Health Advice



Be bold, feel 'yold' (Psst! That's feeling young when you are old)

By Michael Roizen, M.D. and Mehmet Oz, M.D. on

In 1900, only 12% of white men and women born then would live past 65. For people of color, it was even worse: Only 11% of African American women and 10% of African American men would make it to what we now call retirement age. Only 4% of any group reached age 85.

According to Dr. Mike's new book, "The Great Age Reboot," by 2050, life expectancy at birth in the U.S. may extend to 120 and beyond, and people will routinely live to 95. Yes, longevity will be the Next -- and Greatest -- Disruptor, and it has the potential to make you healthier, wealthier and greatly decrease inequality.

The good news is that it's not going to be that hard to take advantage of the coming revolution in the science of anti-aging. You can apply the amazing insights into extending wellness that are being made about the best foods to eat; how to use personalized exercise that's in tune with your body clock, muscle fibers and cellular mitochondria; how to build resilience, so you can bounce back -- and sail through -- whatever life hands you; and how to build a great familial, social, medical and work/money team to help you thrive.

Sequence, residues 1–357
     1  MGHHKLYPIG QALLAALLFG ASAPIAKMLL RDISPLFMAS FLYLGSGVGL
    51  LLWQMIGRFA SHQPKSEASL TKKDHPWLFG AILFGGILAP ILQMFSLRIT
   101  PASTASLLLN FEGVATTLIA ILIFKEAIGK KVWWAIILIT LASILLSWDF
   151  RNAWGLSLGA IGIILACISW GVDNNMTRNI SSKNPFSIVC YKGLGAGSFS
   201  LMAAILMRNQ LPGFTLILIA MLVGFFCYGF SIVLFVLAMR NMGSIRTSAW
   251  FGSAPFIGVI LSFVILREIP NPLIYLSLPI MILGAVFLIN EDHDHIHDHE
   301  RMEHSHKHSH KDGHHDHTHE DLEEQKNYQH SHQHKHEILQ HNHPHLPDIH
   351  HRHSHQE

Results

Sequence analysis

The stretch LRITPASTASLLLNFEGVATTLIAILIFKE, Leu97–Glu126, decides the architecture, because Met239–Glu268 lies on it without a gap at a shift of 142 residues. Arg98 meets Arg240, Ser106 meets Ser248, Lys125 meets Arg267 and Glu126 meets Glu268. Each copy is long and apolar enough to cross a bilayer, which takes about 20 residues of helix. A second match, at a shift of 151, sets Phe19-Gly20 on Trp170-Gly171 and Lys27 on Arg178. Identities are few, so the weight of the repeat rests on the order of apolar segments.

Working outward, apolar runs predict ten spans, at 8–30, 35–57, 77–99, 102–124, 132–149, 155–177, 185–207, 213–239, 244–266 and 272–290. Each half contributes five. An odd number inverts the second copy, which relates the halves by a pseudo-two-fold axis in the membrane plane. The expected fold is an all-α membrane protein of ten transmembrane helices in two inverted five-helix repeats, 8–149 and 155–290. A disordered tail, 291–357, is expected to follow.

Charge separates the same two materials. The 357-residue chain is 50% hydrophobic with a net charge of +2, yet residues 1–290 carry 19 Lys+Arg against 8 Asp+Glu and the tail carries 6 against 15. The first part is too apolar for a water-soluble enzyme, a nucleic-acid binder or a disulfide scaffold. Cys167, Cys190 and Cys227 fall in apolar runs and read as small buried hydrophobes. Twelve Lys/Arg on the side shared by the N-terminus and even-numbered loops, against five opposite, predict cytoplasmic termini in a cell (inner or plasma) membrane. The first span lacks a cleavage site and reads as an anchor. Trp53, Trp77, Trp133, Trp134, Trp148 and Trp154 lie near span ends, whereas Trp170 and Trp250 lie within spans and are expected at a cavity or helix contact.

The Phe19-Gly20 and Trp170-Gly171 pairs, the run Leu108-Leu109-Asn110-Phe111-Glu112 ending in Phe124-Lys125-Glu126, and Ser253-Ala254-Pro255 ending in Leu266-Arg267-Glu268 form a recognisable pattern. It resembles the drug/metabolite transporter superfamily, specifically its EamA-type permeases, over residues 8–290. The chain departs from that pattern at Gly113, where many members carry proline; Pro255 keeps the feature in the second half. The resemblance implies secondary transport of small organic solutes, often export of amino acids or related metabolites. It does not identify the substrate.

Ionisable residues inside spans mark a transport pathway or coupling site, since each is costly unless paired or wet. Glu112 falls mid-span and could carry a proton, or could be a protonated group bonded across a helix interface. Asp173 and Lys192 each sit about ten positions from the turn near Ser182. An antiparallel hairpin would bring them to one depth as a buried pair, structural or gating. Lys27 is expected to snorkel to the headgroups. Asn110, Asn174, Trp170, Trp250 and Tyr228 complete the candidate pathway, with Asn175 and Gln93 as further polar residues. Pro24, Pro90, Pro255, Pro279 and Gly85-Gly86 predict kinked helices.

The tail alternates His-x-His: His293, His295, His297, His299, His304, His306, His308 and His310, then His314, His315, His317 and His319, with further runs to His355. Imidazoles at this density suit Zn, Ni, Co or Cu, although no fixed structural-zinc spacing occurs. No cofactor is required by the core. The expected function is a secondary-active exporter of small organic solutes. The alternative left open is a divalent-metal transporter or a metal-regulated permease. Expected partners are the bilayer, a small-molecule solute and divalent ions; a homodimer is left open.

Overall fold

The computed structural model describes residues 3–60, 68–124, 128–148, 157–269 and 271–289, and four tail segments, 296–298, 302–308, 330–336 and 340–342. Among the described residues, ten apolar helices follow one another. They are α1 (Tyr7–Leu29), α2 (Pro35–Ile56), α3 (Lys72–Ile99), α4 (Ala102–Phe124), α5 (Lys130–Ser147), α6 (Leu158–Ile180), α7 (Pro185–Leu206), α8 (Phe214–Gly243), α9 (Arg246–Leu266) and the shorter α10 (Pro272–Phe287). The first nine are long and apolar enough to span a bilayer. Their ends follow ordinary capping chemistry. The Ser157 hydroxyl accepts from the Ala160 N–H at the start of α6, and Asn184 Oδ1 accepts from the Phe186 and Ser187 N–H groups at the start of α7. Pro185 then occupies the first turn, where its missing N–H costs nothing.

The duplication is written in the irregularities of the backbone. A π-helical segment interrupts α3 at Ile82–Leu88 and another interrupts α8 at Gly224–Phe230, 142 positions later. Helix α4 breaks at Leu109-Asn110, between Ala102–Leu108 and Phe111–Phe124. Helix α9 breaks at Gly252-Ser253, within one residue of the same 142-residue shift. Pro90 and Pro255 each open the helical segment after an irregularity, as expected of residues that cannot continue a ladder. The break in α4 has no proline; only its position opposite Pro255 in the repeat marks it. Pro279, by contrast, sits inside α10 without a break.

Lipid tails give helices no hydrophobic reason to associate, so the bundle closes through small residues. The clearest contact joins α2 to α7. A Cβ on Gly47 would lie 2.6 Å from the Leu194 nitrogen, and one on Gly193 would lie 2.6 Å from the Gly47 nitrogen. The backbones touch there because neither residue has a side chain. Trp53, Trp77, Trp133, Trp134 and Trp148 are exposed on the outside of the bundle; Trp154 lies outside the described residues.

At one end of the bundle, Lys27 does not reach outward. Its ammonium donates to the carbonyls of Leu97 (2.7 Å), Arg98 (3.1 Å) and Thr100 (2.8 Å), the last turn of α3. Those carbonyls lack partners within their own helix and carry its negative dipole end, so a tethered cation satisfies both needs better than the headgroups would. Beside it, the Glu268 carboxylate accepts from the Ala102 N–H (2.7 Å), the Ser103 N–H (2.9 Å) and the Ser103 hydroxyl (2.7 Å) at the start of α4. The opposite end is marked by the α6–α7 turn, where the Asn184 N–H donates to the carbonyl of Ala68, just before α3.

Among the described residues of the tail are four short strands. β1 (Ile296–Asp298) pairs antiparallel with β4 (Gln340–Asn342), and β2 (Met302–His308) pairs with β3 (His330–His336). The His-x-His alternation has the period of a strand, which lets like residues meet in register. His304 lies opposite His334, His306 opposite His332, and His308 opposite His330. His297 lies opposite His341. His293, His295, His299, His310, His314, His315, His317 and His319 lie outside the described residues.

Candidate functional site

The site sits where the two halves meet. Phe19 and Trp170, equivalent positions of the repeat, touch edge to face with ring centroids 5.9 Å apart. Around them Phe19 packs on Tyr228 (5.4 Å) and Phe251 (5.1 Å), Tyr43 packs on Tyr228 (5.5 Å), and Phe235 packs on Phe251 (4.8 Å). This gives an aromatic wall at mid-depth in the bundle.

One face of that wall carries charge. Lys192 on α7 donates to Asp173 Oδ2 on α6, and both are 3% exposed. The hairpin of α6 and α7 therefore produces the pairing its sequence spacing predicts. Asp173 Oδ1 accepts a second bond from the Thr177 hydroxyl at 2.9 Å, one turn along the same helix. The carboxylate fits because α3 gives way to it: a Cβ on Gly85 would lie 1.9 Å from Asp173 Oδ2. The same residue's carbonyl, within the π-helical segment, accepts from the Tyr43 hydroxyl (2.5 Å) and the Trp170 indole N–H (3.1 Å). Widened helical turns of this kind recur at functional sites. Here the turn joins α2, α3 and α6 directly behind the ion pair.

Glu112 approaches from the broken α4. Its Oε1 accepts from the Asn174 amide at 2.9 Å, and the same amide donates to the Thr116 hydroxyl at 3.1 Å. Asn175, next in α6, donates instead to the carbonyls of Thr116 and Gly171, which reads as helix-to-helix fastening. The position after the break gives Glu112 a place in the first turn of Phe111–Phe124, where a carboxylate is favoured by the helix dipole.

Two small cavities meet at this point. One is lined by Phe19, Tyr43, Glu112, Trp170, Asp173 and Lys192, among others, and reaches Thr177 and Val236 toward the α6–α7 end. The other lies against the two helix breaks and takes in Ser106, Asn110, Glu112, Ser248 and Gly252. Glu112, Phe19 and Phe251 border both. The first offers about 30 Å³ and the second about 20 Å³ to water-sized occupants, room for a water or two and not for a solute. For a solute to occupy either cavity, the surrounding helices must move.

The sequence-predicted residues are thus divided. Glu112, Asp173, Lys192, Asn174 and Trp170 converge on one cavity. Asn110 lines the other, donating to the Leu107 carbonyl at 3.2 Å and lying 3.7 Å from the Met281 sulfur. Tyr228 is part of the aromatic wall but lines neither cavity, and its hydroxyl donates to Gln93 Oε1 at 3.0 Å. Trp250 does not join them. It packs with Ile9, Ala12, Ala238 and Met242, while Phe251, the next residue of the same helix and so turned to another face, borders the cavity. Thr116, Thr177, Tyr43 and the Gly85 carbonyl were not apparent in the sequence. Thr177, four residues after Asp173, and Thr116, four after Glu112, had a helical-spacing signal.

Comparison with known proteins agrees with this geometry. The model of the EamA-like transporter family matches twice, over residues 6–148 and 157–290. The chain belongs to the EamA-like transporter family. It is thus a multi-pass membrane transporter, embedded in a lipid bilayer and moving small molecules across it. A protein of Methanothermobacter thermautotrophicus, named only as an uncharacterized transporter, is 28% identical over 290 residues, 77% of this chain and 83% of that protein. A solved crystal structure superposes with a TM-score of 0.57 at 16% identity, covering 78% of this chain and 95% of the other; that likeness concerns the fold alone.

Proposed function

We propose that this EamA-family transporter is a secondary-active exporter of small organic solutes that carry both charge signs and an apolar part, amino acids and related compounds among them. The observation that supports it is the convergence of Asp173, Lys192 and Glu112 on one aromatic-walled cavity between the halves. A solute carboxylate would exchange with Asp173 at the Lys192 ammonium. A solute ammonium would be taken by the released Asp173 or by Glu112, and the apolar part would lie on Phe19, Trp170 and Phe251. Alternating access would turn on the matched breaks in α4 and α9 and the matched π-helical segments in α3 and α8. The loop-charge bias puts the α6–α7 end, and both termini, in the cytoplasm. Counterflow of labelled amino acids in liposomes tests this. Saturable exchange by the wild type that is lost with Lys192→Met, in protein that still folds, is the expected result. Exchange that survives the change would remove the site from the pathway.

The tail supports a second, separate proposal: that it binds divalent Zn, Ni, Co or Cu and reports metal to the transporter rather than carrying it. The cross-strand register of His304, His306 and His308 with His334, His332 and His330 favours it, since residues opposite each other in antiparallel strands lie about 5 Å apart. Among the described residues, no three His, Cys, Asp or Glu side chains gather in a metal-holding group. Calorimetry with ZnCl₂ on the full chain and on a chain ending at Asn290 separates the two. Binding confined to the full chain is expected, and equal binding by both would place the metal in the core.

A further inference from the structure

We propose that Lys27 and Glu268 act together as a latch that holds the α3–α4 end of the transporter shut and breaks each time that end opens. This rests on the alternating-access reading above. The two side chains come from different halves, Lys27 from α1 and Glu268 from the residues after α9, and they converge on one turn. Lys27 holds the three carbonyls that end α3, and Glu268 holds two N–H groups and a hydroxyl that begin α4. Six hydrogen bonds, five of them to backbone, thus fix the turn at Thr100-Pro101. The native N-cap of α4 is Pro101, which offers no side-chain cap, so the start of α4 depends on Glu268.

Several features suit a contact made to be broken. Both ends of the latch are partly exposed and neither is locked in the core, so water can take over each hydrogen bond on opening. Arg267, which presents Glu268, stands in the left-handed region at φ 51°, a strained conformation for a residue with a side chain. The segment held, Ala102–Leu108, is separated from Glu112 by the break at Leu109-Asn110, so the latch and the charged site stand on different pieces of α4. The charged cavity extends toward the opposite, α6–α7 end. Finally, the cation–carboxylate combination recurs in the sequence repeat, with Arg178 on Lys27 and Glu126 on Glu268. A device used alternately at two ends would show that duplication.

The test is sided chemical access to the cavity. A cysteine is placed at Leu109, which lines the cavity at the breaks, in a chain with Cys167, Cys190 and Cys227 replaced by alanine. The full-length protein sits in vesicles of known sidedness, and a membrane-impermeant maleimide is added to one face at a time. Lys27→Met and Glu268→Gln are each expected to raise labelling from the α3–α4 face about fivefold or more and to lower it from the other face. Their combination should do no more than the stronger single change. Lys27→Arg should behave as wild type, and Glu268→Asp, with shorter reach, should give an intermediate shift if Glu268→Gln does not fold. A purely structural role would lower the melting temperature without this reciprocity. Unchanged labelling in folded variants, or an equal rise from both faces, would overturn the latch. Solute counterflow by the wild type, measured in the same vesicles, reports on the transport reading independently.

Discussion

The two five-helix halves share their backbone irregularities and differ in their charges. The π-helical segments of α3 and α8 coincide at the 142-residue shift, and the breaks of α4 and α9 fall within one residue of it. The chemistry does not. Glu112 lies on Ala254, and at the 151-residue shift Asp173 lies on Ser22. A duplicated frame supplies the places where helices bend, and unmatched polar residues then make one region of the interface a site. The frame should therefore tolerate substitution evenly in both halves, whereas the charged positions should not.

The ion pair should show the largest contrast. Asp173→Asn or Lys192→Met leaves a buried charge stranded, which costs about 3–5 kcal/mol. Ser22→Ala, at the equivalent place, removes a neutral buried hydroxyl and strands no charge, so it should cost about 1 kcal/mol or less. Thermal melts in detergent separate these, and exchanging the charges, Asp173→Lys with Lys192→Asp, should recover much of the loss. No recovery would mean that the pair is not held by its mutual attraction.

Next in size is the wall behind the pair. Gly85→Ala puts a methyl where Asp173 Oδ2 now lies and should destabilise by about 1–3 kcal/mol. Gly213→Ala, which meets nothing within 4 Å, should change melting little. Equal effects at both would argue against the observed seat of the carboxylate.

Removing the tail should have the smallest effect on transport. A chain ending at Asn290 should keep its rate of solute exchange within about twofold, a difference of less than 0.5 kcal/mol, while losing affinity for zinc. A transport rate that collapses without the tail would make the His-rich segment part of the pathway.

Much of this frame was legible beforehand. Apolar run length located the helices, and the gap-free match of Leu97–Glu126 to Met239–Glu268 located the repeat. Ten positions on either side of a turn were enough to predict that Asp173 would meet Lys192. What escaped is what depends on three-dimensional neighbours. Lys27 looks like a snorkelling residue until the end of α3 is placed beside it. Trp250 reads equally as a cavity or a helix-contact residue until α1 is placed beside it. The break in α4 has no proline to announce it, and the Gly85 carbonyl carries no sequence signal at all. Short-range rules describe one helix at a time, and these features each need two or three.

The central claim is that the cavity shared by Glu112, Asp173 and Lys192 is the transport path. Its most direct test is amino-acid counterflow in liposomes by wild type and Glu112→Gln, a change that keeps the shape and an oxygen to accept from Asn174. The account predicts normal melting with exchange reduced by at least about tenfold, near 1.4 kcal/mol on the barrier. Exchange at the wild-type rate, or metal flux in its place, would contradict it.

The smart step: Start now climbing the Great Age Reboot's preparatory stairway to a longer, healthier, happier life. Stay tuned for more info from the book -- available Jan. 4. In the meantime, make a promise to yourself that you'll accept the challenge to make your added years, quality years.



Mehmet Oz, M.D. is host of "The Dr. Oz Show," and Mike Roizen, M.D. is Chief Wellness Officer Emeritus at Cleveland Clinic. To live your healthiest, tune into "The Dr. Oz Show" or visit

(c)2021 Michael Roizen, M.D. and Mehmet Oz, M.D.

Distributed by King Features Syndicate, Inc.

(c) 2021 Michael Roizen, M.D. and Mehmet Oz, M.D. Distributed by King Features Syndicate, Inc.



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